## Desai Chapter 9 notes and problems.

Posted by peeterjoot on November 29, 2010

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# Motivation.

Chapter 9 notes for [1].

# Notes

# Problems

## Problem 2.

### Statement.

On the basis of the results already derived for the harmonic oscillator, determine the energy eigenvalues and the ground-state wavefunction for the truncatedoscillator

### Solution.

We require , so our solutions are limited to the truncated odd harmonic oscillator solutions. The normalization will be different since only the integration range is significant. Our energy eigenvalues are

And its wave function is

where is the first odd wavefunction for the non-truncated oscillator. Normalizing this we find , or

## Problem 3.

### Statement.

Show that for the harmonic oscillator in the state , the following uncertainty product holds.

### Solution.

I tried this first explicitly with the first two wave functions

For the state we find easily that

and this is zero since we are integrating an odd function over an even range (presuming that we take the principle value of the integral).

For the state this we have

Since each is a polynomial times a factor we have for all states .

The momentum expecation values for states and are also fairly simple to compute. We have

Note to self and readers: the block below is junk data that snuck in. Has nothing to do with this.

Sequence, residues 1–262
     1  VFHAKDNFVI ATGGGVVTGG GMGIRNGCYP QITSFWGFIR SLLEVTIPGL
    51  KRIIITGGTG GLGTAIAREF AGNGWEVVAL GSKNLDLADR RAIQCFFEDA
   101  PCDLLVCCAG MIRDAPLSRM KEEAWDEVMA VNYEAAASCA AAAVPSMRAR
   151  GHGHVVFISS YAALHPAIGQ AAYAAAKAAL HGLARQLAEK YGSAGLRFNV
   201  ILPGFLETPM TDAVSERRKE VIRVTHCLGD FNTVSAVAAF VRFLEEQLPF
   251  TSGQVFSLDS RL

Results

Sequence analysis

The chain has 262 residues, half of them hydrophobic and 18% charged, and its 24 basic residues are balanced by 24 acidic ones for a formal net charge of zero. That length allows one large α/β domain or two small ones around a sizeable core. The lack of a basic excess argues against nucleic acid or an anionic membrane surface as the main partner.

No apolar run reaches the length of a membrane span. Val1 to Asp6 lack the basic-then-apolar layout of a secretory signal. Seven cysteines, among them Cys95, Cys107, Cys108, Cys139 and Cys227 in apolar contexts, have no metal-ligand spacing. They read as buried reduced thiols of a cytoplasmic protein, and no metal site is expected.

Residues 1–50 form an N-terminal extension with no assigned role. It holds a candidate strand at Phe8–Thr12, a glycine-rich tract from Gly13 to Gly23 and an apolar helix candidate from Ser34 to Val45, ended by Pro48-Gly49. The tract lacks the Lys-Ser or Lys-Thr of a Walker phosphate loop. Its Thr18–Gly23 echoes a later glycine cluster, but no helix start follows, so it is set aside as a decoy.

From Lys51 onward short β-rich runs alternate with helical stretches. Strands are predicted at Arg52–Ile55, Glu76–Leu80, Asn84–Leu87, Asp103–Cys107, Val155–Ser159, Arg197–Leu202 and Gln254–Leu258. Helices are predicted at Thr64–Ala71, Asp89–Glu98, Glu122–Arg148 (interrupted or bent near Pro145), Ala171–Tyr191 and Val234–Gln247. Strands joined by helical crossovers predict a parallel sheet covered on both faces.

For the state our derivative is odd since a factor of is brought down, and we are again integrating an odd function over an even range. For the case our derivative is proportional to

Again, this is an even function, while is odd, so we have zero. Noting that we can express each in terms of Hankel functions

where is even and is odd, we note that this expectation value will always be zero since we will have an even times odd function in the integration kernel.

Knowing that the position and momentum expectation values are zero reduces this problem to the calculation of . Either of these expecation values are again not too hard to compute for . However, we now have to keep track of the proportionality constants. As expected this yields

These are respectively

However, these integrals were only straightforward (albeit tedious) to calculate because we had explicit representations for and . For the general wave function, what we have to work with is either the Hankel function representation of 3.7 or the derivative form

Expanding this explicitly for arbitrary isn’t going to be feasible. We can reduce the scope of the problem by trying to be lazy and see how some work can be avoided. One possible trick is noting that we can express the squared momentum expectation in terms of the Hamiltonian

So we can get away with only calculating , an exersize in integration by parts

The second term in this remaining integral is proportional to , which leaves us with

Our squared momentum expectation value is then

This completes the problem, and we are left with

## Problem 4.

### Statement.

Consider the following two-dimensional harmonic oscilator problem:

where are the coordinates of the particle. Use the separation of variables technique to obtain the energy eigenvalues. Discuss the degeneracy in the eigenvalues if .